–Thomas Miller

Sources: World Health Organization, National Institutes of Health, Centers for Disease Control, The Mayo Clinic, The Washington Manual: Outpatient Medicine Survival Guide (2003) and Rehydrate.org

Thomas Miller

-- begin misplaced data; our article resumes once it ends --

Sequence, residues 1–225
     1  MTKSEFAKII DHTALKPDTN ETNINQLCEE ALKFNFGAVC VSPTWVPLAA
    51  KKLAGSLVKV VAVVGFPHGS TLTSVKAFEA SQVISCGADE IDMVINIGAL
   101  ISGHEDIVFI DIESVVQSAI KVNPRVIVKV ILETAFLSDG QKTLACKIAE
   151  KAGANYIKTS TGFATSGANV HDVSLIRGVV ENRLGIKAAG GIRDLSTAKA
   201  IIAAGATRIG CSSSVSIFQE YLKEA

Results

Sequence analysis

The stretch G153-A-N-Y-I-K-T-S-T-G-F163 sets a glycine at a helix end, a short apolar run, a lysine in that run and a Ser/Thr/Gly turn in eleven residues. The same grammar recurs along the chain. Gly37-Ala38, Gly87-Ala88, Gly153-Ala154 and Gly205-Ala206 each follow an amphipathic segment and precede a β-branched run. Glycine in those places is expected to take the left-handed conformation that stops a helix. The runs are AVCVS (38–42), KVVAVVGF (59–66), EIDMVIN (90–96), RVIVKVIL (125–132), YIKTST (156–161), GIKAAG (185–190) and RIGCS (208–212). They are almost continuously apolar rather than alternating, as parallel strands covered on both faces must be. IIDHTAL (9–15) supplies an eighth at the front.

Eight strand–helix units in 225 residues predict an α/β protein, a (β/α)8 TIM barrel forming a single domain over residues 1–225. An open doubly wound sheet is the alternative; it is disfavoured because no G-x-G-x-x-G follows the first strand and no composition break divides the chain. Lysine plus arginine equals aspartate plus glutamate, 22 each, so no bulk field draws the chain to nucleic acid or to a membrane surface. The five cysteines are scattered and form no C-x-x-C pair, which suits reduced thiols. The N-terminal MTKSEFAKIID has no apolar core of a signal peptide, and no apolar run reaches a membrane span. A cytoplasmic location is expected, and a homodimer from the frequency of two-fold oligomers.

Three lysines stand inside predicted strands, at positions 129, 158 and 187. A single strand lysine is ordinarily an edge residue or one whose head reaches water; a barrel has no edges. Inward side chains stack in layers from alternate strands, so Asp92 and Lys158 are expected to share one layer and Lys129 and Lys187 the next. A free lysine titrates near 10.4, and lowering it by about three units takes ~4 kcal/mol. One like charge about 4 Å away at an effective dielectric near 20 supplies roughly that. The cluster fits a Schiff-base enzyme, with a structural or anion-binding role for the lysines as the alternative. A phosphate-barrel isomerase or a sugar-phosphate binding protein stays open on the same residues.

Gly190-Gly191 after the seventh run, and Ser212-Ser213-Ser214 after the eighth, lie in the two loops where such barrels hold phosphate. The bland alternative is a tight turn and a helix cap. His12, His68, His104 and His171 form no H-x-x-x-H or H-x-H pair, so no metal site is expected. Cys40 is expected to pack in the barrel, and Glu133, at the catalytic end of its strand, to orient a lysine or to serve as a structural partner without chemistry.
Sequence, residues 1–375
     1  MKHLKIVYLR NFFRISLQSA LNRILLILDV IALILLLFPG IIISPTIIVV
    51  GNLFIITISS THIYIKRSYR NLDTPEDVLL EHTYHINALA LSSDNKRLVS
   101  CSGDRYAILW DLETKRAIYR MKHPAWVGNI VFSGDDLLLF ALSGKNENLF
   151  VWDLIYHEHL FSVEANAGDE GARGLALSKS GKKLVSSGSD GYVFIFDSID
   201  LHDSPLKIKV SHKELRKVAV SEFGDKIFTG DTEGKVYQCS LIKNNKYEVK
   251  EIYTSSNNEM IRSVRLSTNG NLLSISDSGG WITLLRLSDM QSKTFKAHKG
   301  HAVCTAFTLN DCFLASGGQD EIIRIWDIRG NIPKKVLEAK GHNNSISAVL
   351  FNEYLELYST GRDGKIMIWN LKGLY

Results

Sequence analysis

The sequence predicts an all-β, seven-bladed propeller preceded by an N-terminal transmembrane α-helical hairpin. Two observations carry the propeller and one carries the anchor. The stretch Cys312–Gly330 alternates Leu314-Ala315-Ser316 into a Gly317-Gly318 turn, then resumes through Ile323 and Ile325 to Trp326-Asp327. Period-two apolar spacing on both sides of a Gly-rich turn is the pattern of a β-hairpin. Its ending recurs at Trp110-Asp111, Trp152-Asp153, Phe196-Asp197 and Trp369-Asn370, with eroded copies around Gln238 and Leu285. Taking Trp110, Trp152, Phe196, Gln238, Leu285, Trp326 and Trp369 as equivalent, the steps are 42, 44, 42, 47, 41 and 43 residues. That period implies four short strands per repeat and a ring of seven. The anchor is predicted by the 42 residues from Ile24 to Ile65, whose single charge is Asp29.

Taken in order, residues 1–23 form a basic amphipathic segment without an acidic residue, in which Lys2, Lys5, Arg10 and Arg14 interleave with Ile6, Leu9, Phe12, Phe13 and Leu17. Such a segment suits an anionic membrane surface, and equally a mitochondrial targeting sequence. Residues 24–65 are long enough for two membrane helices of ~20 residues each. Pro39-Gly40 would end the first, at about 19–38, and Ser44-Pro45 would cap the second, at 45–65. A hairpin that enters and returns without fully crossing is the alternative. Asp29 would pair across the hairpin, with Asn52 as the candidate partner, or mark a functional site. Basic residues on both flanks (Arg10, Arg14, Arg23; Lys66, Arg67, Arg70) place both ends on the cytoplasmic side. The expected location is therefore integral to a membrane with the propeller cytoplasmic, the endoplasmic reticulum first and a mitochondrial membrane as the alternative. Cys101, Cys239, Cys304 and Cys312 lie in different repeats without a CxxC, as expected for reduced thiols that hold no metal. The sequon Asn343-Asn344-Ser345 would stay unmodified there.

lives with his wife and three sons in the Northeastern quadrant of the United States. He has completed countless hours of advanced training in both clinical and trauma medicine and is a Nationally Registered Emergency Medical Technician. Tom has also completed several courses in disaster and emergency planning/management as well as hazardous materials handler and transport certification. He graduated with honors from American Military University with an Associate of Arts in Real Estate Studies. Tom is a U.S. Army combat veteran who served with honor as a combat medic on his multiple overseas tours during the Global War on Terror. During his time in the Army, Tom became an expert in the use of several weapons (including long guns, sidearms and improvised weaponry) and obtained competence with many other weapon systems, including foreign firearms. The Army also afforded Tom the opportunity to become proficienct in the driving and operation of several different vehicles from Humvees to heavy trucks and tracked vehicles. If there happens to be any free time available, Tom can be found sharing his passion for fishing with his sons, working on a project in the wood shop, tending to the garden or trying to maintain some resemblance of physical fitness. Tom's other writings can be viewed on his blog, The Prepared Ninja, at www.thepreparedninja.com. If you are on Twitter, Tom can be followed on the handle @preparedninja.